It was a celebration of being a family of sorts.

I haven’t driven any of the new Mitsubishis yet—but I want to. And I was really hoping to get an up-close-and-personal look at the Engelberg Tourer. Mitsubishi’s message about delaying MOD while they figure out its future means that door may remain open. I really hope so.

If anyone at MMNA is in the audience, here’s a quick list of things I’d love to see for the next MOD to make it both more inclusive and relevant to the brand when—and if—it returns.

Reach out to the EclipseCross, New Mirage, and Outlander communities. Invite them to attend and give them privileged parking so they can show up at their leisure. They are your current customers and they deserve to feel the way you made the rest of us feel for the last 30 years.

Sell reserved parking spots. Donate at least half the proceeds to charity. Which charity? I dunno, maybe something that helps kids discover the joy—and confidence—of working on their own vehicles.

Make those reserved spots a random raffle. Or stand up a page where people can upload a couple pictures and a bio for curation or votes. (You can have M-Gen.net back if you want it.)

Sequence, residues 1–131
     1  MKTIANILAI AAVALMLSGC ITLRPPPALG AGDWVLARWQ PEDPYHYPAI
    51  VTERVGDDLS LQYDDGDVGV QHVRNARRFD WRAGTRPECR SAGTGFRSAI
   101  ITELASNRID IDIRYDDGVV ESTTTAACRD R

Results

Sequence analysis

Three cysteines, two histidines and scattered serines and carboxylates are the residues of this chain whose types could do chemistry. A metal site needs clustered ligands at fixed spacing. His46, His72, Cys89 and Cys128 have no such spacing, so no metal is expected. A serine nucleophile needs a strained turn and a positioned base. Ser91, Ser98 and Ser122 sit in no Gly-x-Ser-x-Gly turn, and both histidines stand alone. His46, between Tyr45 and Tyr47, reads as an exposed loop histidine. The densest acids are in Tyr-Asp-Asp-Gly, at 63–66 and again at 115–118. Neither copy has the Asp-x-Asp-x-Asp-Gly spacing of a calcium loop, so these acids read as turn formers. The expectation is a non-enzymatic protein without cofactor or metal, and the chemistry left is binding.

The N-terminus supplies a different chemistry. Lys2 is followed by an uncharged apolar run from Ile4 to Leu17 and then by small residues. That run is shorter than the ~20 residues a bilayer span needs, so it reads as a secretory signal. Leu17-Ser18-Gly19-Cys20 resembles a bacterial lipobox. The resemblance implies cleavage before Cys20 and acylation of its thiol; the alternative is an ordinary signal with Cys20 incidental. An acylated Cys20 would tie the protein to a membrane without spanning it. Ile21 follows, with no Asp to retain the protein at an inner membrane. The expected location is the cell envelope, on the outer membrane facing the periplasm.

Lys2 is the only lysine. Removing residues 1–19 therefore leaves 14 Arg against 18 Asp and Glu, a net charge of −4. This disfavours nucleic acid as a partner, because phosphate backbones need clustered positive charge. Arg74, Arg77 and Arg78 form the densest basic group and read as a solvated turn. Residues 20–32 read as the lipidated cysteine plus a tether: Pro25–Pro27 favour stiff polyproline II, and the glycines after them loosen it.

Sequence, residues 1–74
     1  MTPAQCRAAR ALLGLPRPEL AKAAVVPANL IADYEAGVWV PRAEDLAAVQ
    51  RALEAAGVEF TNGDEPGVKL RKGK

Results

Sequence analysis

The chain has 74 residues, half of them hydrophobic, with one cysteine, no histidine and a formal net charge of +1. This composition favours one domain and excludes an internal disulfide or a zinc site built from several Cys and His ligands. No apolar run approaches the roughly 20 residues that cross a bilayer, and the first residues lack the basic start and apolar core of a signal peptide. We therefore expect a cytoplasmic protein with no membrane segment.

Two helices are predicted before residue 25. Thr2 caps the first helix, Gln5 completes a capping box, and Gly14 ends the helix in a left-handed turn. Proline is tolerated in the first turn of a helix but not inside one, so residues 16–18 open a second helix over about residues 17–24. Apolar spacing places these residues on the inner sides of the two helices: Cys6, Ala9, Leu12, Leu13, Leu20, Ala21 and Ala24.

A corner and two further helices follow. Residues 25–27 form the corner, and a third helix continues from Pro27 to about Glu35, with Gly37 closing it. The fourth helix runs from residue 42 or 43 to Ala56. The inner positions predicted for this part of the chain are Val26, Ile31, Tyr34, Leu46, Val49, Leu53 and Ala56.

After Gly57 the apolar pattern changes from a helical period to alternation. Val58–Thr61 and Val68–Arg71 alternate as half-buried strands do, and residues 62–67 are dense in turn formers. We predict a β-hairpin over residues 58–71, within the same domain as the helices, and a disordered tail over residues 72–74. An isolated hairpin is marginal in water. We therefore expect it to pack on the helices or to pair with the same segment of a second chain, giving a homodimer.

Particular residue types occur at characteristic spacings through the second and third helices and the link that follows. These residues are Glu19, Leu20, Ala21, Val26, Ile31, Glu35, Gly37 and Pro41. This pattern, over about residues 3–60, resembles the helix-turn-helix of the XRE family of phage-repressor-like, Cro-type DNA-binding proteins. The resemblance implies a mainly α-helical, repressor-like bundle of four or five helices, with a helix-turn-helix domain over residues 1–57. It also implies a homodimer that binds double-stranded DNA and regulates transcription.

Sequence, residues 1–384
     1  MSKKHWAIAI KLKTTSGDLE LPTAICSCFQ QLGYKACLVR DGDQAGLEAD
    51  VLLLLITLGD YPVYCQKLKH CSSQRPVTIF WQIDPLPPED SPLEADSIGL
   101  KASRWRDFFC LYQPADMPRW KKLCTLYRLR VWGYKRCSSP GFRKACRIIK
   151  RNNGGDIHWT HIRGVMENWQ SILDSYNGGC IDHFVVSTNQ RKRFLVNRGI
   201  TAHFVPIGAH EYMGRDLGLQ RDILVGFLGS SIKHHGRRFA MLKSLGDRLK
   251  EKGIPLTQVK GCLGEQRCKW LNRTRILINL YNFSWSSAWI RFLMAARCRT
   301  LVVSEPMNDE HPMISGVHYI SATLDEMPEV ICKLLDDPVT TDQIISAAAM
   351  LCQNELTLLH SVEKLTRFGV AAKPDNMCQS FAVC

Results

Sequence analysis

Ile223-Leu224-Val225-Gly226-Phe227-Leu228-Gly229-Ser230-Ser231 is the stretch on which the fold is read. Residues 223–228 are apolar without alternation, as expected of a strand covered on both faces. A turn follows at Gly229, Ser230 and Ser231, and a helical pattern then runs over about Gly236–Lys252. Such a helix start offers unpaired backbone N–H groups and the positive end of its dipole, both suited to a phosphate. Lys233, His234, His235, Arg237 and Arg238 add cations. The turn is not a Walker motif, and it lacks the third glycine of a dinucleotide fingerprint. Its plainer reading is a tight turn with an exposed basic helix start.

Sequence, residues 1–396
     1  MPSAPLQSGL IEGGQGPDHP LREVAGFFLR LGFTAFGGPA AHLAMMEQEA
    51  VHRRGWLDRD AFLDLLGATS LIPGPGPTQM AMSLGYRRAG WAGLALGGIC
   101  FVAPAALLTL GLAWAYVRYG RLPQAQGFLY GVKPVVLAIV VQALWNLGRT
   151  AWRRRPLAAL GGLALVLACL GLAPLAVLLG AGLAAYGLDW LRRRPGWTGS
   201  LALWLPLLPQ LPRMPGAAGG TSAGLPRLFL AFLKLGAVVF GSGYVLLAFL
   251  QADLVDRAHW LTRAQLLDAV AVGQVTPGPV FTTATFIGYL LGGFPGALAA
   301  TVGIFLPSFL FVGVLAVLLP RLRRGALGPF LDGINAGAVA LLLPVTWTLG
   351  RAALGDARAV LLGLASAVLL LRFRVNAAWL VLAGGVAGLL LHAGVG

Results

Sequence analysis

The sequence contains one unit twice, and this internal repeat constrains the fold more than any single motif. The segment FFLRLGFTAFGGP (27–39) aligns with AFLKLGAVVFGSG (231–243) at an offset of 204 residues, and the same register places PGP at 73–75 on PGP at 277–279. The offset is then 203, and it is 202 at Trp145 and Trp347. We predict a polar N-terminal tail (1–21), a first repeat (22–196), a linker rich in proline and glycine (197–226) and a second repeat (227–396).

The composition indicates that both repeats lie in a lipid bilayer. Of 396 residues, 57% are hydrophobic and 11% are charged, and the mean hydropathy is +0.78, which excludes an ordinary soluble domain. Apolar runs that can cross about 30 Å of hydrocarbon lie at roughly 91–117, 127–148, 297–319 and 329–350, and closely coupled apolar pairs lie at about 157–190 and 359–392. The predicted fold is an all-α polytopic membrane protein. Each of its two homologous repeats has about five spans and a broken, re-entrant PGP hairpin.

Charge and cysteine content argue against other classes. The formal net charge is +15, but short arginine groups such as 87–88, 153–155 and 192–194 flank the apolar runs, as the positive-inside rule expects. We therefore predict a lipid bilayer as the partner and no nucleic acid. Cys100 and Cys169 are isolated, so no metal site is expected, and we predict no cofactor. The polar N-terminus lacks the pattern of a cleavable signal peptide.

Consider a legacy owner advisory board-type thing, where OGs (like me) who truly believe in the brand and want to see it succeed can get together with your people to explore ideas together. We’ll sign NDAs if you want. We want to help!

You might say it’s in our DNA.


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1 Comment

  1. Yesterday, my daughter and I drove to Oklahoma to attend the Thunder Valley Raceway Import Day at the drag strip. On our 2.5 hour drive, she asked me about cars and my involvement prior to her being born. I began to share my love for DSM’s, how I know every single aspect inside and out of the 4g63t, countless hours modifying it. I shared many stories of the bonds built, we could post a thread on a forum asking if anyone in the surrounding area was available and willing to help with a build, etc. Fellow DSM enthusiasts often times would drive many miles just to lend a helping hand to a stranger they only knew via online auto forum.